This is the old second- and third-party data that is now no longer collected in the DMP, but in the clean room. Of course, this is now all magically ‘first-party data’! You can get enrichments like household income, DMAs, ‘in-market for X’ attributes et al to help you expand your audience addressability.
Campaigns need back-end performance data. For example, a CPG advertising on a RMN (Retail Media Network) could get conversion data for their SKUs, which is matched with impression and click data. An auto OEM could see how their ad campaigns are driving purchases at dealerships. You can also add 1P behavioral data into the mix and create a journey analysis.
Use cases are underpinned by identity resolution
These cover virtually all use cases for data in marketing/advertising, except for one large need necessitated by first-party data: identity resolution.
Not to be outdone by the CDPs who came to market with Identity / 360° view of the customer as their primary use case (and rightly so!), clean rooms can also resolve identity.
This is from the Habu site:
In this way, clean rooms are more flexible than CDPs. They can work with an ID graph provider or create the graph for you. This is where clean room vendors like Habu and InfoSum start to feel more like a holistic data platform.
In fact, the clean room use cases themselves mirror many of the CDP use cases (which are by definition platforms). This is, of course, exactly what the clean room vendors knew would happen, given that they are starting from the most important use case for any customer-facing business: data privacy.
Data protection fines are increasingly prevalent worldwide. In 2024, I expect to see an increasing number of US states starting to issue fines, and I suspect that the highest fines will rise from nine figures these past few years to ten figures in the coming years.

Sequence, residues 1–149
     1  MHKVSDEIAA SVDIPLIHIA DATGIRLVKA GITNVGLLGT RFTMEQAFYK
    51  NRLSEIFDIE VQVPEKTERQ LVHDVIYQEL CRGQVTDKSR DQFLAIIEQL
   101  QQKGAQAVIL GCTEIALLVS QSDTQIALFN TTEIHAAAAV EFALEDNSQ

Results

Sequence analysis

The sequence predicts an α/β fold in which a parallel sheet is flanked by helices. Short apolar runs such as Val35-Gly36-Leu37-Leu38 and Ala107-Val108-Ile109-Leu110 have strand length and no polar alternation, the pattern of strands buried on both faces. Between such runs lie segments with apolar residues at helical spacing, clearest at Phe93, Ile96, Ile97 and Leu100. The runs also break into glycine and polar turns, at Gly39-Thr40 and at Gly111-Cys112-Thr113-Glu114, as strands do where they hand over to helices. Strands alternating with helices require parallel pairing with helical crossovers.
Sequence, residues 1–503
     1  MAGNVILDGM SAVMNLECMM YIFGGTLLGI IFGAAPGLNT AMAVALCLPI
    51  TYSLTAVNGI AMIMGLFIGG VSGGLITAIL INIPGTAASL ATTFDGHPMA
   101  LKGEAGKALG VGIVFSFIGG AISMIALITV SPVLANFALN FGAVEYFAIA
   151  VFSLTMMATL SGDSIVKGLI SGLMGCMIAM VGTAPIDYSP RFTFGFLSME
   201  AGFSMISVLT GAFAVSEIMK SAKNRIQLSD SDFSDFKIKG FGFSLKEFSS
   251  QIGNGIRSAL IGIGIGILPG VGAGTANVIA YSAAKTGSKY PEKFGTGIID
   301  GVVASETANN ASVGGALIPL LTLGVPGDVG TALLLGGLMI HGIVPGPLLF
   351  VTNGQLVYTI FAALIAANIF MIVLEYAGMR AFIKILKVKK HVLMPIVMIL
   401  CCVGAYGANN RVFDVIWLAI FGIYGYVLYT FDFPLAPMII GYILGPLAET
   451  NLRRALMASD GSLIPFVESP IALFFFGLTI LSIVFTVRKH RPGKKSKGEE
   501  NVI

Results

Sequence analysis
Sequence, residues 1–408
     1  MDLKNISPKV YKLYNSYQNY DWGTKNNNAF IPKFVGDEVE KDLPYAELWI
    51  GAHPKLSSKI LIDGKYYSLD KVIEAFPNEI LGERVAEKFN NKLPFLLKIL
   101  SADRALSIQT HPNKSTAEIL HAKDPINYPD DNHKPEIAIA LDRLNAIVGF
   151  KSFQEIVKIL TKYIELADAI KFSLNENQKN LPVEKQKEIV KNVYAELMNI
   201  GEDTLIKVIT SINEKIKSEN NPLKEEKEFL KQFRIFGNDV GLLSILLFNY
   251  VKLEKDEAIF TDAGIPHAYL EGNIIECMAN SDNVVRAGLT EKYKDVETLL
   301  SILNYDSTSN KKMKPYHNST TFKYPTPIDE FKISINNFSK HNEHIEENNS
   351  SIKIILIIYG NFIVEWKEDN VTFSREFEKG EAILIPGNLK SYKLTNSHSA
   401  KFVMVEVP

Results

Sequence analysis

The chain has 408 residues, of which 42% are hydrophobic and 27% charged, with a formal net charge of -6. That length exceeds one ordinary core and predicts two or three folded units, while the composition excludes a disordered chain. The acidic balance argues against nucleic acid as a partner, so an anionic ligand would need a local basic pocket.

Public clouds’ clean room offerings
But let’s get back to the cloud platforms, because it was the release of Amazon’s Clean Room service at re:Invent in 2022 that first got me asking, “what exactly is a clean room?”
Undeniably, we’ve watched enterprises embrace cloud the past five years. Worldwide end-user spending on public cloud services totaled $563.6 billion in 20231. Azure in particular has made great inroads and Microsoft is well positioned in enterprise space.
However, if Amazon and Google understand anything, it’s that digital is about scale and the long tail.
There are close to 2 million active sellers on Amazon.com and while Google doesn’t disclose numbers, it is believed it has over 4 million advertisers and 2 million publishers on its search and display ad networks. Massive!
Smaller workloads with higher unit costs for compute is an enticing model for cloud growth. It’s no accident that AWS and GCP are moving closer to the customer, using advertising and marketing as the wedge.
They know that the advertising and marketing use cases that have come to the fore will become increasingly important in cloud vendor selection over the next few years.
With Google and Amazon already the dominant first-party ad platforms, it makes sense that clean rooms have been rolled out as a feature of Google Ads Data Hub and Amazon Marketing Cloud. The fact that both companies have the two largest and richest consumer ID graphs that they can utilize further enhances this opportunity.
Google Clean Room
Ads Data Hub is Google’s version of a clean room. Amazingly, it was launched almost seven years ago for mobile measurement of YouTube ads.
The original use case when it was introduced was view-through conversions from YouTube and GDN. Advertisers connect their transactional data in BigQuery via the Ads Data Hub API to a Google run BigQuery instance that had all the campaign data from Google. While this came to market as a “Hub”, it was really just an API.
In October 2022, Google decided that the use cases for measurement and marketing were differentiated enough that it needed to create two distinct solutions of Ads Data Hub: Ads Data Hub for Marketers and Ads Data Hub for Measurement.
The main use case for marketers is audience matching and overlap with something called PAIR (Publisher Advertiser Identity Reconciliation).
Of course, you can easily activate these cohorts in Google’s ad universe and especially in YouTube, which Google still prevents DSPs from buying directly (even after an EU antitrust settlement). This reluctance becomes a little more understandable when you see how Ads Data Hub is coming to fruition in Google Cloud’s most important strategic growth area - BigQuery.
Ads Data Hub for Measurement seems like a bone thrown out to all the data dogs, namely agencies and consultancies. Specifically, it enables YouTube to be measured alongside other CTV where its outsized performance will lead to more YT ad spend.